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(2008) 16mm film, color, sound, 13 mins.
Sound by Greg Headley.
Digital video version also available.

3D photographs of human vulvae are animated and interwoven with surfaces and textures from natural and human-made environments. The genital images were taken from a set of ViewMaster 3D reels that accompanied a textbook entitled The Clitoris, published in 1976 by two medical professionals. Background info and photos can be found on the Speechless page (adults 18 years and over only please).


Grand prize winner: Black Maria Film Festival (2009)
First prize (experimental): Chicago Underground Film Festival (2009)
First prize: Milwaukee Underground Film Festival (2009)

Photos (adults 18 years and over only please).

Background of Speechless

In 1976, just three years after the landmark Our Bodies, Ourselves was first published, Thomas P. Lowry, M.D. and Thea Snyder Lowry, M.A., co-directors of the Marital Therapists Training Project for the California Department of Health, produced a textbook entitled The Clitoris, a collection of essays by gynecologists, pathologists, scholars and medical anthropologists, concerning the "primary organ of sexual functioning in human females." Included with the book was a set of four Viewmaster reels, containing 28 stereoscopic photographs depicting variations of human clitorides, all of which, according to the authors, were considered "within the range of normal." (The textbook is still available from various internet booksellers, including Amazon.com.) The images are intimate yet impersonal: full color three-dimensional close-ups of female genitals studiously disconnected from their owners, neatly boxed into tiny 4x3 frames; the occasional fingers pulling back the labial folds to afford better views of the clitoris are the only indications of the person beyond the vulva. In a medium usually reserved for travel photography, cartoons, science fiction and television stills, these Viewmaster reels become studies of the subtle and not-so-subtle variations on the dense topography of this usually-hidden and highly iconized part of the female body.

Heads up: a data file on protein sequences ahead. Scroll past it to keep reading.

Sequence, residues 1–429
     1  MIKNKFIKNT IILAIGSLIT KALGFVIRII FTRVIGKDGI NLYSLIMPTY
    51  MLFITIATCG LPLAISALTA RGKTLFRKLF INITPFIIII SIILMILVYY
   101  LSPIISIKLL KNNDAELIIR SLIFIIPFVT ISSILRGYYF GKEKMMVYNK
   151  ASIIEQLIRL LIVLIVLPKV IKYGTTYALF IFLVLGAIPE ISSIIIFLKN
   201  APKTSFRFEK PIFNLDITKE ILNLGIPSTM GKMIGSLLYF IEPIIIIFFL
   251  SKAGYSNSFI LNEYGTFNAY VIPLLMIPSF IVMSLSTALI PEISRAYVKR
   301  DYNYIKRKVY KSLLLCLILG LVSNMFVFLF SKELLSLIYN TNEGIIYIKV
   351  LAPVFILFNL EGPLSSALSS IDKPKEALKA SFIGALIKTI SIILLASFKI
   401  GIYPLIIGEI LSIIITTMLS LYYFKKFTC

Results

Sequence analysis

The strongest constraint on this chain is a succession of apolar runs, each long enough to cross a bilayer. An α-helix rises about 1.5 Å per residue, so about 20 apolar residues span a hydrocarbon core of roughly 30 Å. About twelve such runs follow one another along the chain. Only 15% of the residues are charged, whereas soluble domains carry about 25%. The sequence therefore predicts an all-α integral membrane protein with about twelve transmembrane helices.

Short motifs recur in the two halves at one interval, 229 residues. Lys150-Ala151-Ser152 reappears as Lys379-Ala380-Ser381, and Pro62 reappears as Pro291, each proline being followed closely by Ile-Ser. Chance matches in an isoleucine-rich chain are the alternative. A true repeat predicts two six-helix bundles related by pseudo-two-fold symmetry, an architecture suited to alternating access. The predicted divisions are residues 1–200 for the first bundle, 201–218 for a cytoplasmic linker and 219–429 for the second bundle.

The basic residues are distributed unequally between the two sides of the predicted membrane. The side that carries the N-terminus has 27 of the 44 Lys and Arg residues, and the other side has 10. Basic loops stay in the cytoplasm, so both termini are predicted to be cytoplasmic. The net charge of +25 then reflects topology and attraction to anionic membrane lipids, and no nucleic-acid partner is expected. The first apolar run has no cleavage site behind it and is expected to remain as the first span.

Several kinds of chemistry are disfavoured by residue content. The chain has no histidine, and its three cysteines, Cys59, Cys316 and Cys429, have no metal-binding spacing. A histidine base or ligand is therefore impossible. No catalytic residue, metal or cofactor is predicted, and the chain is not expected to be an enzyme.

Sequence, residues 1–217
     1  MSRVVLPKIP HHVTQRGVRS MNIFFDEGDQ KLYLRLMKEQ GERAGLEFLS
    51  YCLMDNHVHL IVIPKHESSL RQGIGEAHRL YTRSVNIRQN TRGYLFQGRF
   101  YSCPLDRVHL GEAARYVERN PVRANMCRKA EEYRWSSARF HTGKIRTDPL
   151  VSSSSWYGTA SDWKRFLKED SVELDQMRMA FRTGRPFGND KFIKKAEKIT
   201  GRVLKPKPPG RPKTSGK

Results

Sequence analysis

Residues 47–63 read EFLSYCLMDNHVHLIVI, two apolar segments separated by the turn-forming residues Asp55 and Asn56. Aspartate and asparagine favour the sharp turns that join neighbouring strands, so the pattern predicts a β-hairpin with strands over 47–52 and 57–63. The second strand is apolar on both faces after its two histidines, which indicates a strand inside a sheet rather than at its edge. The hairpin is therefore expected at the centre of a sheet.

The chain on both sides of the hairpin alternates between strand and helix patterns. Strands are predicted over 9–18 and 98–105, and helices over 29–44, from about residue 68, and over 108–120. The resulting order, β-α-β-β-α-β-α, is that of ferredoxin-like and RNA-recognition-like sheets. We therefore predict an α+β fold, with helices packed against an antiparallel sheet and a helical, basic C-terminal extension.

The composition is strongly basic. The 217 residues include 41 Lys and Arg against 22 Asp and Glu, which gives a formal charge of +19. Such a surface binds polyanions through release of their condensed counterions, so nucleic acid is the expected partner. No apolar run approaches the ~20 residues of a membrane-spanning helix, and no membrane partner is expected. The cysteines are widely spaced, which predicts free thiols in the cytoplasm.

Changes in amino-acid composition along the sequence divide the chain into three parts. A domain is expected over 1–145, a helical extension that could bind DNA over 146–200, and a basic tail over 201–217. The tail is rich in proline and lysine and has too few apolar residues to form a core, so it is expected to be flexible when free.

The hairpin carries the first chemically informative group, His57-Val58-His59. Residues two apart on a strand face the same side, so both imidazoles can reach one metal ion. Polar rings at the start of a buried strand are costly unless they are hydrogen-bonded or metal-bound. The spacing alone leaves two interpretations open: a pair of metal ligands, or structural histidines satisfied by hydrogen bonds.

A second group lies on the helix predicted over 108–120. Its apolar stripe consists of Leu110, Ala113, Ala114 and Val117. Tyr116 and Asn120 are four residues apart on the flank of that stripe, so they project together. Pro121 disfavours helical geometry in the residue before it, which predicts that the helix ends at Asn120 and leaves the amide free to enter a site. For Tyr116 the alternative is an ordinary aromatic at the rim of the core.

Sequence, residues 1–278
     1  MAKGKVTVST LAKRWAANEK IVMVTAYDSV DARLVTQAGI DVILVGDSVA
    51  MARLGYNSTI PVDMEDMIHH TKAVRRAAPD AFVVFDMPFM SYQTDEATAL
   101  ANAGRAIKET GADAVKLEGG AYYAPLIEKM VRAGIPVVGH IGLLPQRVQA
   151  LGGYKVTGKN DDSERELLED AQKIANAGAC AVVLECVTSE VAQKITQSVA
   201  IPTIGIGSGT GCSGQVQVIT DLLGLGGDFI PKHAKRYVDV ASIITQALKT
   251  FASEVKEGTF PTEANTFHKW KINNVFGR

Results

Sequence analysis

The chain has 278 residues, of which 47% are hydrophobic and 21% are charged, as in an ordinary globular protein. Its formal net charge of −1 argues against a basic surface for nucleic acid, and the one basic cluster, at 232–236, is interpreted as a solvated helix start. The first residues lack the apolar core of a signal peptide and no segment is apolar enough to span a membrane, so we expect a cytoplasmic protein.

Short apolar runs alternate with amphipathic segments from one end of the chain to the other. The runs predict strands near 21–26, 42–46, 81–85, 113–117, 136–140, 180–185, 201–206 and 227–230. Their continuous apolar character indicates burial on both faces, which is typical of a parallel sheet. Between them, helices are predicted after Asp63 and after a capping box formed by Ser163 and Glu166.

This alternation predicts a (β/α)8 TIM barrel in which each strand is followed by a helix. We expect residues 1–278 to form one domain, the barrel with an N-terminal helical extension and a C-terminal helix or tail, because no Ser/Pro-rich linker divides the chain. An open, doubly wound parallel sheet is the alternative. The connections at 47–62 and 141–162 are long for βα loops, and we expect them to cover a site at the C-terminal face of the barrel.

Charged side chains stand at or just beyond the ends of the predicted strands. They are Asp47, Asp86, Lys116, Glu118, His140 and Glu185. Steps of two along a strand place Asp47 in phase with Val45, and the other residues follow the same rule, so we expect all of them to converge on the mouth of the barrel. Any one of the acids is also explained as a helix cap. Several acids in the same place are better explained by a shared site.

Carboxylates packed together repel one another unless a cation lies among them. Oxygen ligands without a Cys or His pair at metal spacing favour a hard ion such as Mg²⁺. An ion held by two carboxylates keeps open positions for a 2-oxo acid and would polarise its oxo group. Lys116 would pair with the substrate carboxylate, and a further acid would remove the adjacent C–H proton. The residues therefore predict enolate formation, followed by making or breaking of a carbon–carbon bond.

My previous work with 3D imagery (Angel Beach, Shape Shift, To Love or To Die), and my work with the human body and sexuality (Angel Beach again, Noema, Satrapy, Splitting You Splitting Me Still) - as well as my interest in exploring problematic, "politically incorrect" points of view from an inside perspective, often opposite my own, with an eye toward understanding and possibly neutralizing them (and possibly acknowledging them in myself) - made working with this material, when I found it, seem like a logical step for me.

Yet it soon became apparent that the material was problematic. Should I even be looking at these images with "artistic" eyes? Could I work with them in a way that transcended their clinical nature? And did I want to foist them on my viewers, some of whom would find the experience uncomfortable and might question my use of them as a heterosexual male? (Anne Severson, had, after all, at a time when feminists were questioning whether it was possible to photograph the female body without eroticizing it, successfully catalogued a series of desexualized vulvas in her 1971 film Near the Big Chakra; could I add anything to that discussion?) Still, something intrigued me about the idea and the provocative imagery, and perhaps wanting to raise those questions again, some 35 years later, from a non-female point of view, acknowledging who I am, and wanting, as I often do in my work, to put something out there to see how it takes its own shape, and push myself once again into uncomfortable, unfamiliar terrain, raising questions without having the answers, I decided to put the questions on hold, and threw myself into the project from a formal and very physical, sensual perspective, discovering and exploiting a rich array of intense perceptual phenomena. The film became, for me, a celebration of a raw, mysterious and sometimes fearful beauty, exploding with images of power and presence, of a part of the female body that is, one could argue, under-represented and seldom looked at, except when crudely sexualized in modern porn or subjected to the sterile scrutiny of the physician's gaze. Yet unlike Severson's de-sexualized Chakra, the images in Speechless also invite pleasure; animated, they might appear to be speaking, forming words and sentences using a vocabulary that, with our unversed eyes and ears, we're unable to parse, and hence assume the speakers' voices muted; but perhaps it is we who are left speechless.